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If all the stars disappeared simultaneously (from the earth's reference frame), how long would it take for the night sky to go completely dark to our unaided eyes? Would we still be able to see anything after a thousand years?

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    $\begingroup$ Simultaneously to which observer? $\endgroup$ – aventurin Sep 11 '16 at 9:11
  • $\begingroup$ I assumed it was obvious that I was referring to the earth's reference frame. $\endgroup$ – Dustan Levenstein Sep 11 '16 at 13:53
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The farthest object that we can see with our naked eyes as of now is the Andromeda Galaxy (2.6 million light years away), although the M83 (14.7 million light years away) has also been reported to be seen with the naked eye. (You may want to click here for more information on what the farthest objects we can see with our naked eyes, from Universe Today or see this answer from this same site.)

Assuming that just before the moment all the stars disappear, these two farthest objects are still emitting light, then we can know judging by their distance from us, that this light will only reach our eyes 2.6m years later (because 1 light year = light travelling for 1 year) from the Andromeda Galaxy, and 14.7m years from M83.

Therefore to answer your question more directly:

We would still see the stars (assuming this is what you are referring to by "anything") for up to 2.6~14.7m years, depending on what really is the farthest thing we can see in the sky.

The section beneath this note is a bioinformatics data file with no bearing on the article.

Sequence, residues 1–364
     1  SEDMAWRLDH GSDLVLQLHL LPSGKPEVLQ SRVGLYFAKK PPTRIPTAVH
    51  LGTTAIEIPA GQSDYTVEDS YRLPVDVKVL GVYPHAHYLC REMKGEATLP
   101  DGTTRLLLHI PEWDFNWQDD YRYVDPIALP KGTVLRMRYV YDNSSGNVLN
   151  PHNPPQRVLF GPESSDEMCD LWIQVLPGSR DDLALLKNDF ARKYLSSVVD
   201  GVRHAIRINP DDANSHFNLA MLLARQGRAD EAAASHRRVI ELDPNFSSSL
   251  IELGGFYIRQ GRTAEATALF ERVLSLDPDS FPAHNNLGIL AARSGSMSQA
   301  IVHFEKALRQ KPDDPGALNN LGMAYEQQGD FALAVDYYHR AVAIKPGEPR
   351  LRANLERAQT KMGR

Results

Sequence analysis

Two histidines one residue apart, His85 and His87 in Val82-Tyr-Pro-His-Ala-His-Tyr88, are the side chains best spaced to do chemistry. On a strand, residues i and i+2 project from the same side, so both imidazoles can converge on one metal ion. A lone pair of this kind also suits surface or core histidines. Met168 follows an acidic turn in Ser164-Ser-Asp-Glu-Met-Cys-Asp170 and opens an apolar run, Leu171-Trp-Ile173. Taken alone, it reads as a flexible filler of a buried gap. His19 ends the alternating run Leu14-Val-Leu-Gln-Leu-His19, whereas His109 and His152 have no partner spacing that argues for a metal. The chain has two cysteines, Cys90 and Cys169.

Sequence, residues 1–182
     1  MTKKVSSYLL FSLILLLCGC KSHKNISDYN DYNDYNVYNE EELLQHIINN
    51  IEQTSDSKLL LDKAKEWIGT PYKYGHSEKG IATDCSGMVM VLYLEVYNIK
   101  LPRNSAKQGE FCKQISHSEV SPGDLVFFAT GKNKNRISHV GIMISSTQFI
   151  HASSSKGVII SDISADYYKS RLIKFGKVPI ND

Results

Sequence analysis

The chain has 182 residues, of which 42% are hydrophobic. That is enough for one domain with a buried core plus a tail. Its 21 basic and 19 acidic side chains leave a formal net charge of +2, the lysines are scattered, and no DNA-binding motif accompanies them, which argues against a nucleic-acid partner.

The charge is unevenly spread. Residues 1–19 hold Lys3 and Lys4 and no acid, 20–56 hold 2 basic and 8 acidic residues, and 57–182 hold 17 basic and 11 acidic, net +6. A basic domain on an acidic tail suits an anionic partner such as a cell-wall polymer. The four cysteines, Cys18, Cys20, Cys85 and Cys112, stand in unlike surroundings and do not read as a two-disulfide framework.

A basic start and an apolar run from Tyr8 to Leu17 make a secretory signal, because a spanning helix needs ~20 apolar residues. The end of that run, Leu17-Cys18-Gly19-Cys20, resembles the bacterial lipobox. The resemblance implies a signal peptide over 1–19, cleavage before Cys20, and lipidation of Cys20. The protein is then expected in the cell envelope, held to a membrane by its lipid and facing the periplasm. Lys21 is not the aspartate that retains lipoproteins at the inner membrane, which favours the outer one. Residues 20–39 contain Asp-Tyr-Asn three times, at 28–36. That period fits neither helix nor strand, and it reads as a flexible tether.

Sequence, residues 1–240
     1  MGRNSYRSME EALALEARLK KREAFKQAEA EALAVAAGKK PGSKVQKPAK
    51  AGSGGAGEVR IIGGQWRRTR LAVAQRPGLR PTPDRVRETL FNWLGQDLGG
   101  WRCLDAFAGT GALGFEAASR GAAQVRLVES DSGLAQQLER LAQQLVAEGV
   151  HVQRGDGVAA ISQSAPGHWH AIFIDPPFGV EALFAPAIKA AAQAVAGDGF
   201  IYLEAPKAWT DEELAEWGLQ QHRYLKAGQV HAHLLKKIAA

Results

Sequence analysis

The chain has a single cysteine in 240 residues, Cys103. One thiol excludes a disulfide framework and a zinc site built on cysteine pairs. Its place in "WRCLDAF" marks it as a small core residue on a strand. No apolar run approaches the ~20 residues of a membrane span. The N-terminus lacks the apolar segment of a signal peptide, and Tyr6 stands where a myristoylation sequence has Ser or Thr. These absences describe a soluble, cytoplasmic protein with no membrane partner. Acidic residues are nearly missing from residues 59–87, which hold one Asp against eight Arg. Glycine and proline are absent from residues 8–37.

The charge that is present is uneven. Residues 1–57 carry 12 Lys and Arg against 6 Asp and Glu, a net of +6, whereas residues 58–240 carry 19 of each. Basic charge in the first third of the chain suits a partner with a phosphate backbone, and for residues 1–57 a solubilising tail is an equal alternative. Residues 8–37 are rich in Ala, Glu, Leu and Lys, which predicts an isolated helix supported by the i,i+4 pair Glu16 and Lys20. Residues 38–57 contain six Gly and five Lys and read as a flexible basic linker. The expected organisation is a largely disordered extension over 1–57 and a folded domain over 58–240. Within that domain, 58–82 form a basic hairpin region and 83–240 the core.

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  • $\begingroup$ Thanks! It seems like you came closest to answering the spirit of the question. :) $\endgroup$ – Dustan Levenstein Sep 11 '16 at 13:59
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"The farthest star we can see with our naked eye is V762 Cas in Cassiopeia at 16,308 light-years away. Its brightness is magnitude 5.8 or just above the 6th magnitude limit." As per this information, if all the stars went out simultaneously, then it would take 16308 years for the sky to become completely dark to the naked eye. Of course, stars which are farther away will still be visible to powerful telescopes.

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    $\begingroup$ However we would still see the milky way, the magellanic clouds and the Andromeda galaxy, which are lit by the light of billions of distant stars. $\endgroup$ – James K Sep 11 '16 at 5:29
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Depending upon how far a star is away from us, is exactly related to how long it would take for us to notice if it weren't there anymore.

Given your scenario, all stars instantaneously disappear, I will give a very short timeline.

At roughly 8 minuets and 25 seconds after the event, we notice the sun go dark.
After about 4 years and 146 days, $\alpha$ Centauri goes dark.
Sirius disappears in 8 years and 219 days.
$\varepsilon$ Eridani follows at 10 years 182 days.
...
M31 (Andromeda Galaxy) disappears at 2.5 million years.
...

I hope you see the pattern forming here.

The closer the star or other object, the sooner it will appear to go dark, or disappear. Therefore, I would assume that because every humans eyes are basically the same, roundish, with a roughly 5mm pupil. The most distant object is probably right around 2.9 million light years away, the galaxy M33.

Assuming that there will be no GRB within 30-60 seconds of all of the stars going dark, the sky would be completely dark to the unaided human eye in 2.9 million years. Not that humans will survive that long into the future, but that is a different problem all together.

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